For more than half a century, CMU has been at the forefront of computer science and AI. The first AI computer program, Logic Theorist, was developed there in 1956. The school launched the first computer programming course in 1958, the world’s first PhD program in robotics, as well as the world’s first Machine Learning Department. In 1982, grad students developed the first edge device, a Coca Cola vending machine that checked stock and measured temperature. The school has always been ahead of the tech curve and it still is. In 2018, U.S. News and World Report ranked CMU’s School of Computer Science (SCS) as the number one graduate school for Artificial Intelligence. Now it will be the number one school for undergrads as well.
The program, set to begin in the fall of 2018, will only accept 100 students who can choose AI as a major after their first year, which equates to about 30-35 students per year. Competition for spots will be tough as SCS enrolls approximately 700-750 students annually. That means the AI program will account for only about four percent of newly enrolled students.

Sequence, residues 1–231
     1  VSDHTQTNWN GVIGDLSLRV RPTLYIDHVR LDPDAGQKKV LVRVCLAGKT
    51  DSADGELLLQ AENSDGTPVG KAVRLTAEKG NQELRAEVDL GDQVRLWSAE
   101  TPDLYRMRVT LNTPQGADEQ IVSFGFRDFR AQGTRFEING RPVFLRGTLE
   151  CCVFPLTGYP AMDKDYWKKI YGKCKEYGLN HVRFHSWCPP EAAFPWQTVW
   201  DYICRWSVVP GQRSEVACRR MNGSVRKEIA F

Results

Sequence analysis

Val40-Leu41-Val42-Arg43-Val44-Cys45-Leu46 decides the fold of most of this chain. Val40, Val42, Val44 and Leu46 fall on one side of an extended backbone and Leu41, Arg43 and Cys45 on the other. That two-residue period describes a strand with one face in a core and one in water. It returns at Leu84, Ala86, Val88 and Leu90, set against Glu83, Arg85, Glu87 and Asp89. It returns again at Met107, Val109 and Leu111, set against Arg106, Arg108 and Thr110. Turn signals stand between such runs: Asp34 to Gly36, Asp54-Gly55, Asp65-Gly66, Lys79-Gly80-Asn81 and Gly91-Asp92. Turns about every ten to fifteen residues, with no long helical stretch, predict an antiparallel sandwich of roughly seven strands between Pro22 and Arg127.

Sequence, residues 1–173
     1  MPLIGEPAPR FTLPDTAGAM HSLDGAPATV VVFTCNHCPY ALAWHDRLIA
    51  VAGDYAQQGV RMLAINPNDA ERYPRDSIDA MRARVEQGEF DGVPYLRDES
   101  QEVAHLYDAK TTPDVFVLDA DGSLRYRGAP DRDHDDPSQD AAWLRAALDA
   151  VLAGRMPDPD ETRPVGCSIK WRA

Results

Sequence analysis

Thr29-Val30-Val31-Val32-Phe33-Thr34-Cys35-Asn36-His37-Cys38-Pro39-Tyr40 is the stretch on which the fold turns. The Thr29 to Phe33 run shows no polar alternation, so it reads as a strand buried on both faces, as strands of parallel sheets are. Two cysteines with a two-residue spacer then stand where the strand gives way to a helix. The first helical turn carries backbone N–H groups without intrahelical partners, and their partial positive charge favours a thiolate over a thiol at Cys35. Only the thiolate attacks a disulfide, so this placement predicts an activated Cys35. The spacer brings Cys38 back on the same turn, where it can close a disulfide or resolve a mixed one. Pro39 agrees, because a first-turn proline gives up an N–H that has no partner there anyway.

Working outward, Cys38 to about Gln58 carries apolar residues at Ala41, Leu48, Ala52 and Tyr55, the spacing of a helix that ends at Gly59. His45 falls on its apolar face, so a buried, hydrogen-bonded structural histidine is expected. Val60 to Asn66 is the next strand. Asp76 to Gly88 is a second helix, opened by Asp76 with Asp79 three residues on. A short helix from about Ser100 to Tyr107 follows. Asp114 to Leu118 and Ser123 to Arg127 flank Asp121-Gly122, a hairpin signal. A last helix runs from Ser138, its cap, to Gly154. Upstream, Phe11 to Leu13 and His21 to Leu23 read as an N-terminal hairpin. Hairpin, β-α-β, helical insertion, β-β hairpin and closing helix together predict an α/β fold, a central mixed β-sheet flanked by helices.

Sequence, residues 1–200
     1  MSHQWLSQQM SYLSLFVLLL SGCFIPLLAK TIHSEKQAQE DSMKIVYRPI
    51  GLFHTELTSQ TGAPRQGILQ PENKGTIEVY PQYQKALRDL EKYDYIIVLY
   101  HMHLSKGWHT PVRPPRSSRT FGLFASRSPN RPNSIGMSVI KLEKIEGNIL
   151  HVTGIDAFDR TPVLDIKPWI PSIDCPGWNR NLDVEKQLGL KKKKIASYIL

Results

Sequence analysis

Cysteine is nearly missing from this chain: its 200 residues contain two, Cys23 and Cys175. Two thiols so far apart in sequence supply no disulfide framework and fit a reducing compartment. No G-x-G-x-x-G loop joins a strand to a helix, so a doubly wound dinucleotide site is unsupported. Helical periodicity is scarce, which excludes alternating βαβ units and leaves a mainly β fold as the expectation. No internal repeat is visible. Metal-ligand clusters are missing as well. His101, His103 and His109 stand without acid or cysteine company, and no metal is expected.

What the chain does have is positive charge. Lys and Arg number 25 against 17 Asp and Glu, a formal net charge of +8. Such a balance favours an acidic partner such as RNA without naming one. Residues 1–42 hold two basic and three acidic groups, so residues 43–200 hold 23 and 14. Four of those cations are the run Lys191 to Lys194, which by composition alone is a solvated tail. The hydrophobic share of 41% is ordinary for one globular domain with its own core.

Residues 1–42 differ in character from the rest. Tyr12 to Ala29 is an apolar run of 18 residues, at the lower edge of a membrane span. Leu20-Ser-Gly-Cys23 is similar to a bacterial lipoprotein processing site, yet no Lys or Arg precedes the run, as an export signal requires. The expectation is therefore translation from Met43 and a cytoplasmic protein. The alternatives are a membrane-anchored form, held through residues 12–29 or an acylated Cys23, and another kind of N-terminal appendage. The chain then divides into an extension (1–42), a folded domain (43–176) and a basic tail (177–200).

CMU is known as a hotbed of talent and student start-ups and spin-offs are common. On graduation or before, student AI projects may end up in commercial applications. CMU’s Center for Technology Transfer and Enterprise Creation helps undergrads and grad students take student projects to market.
The Tech Talent Grab
Pittsburgh is also a hotbed for talent in the tech industry. The city is home to CMU’s Robotics Institute and its National Robotics Engineering Center, which develops robotics solutions from concept to commercialization. CMU’s Entertainment Technology Center is also a geek haven and has been called the Disneyland of video game schools and interactive entertainment.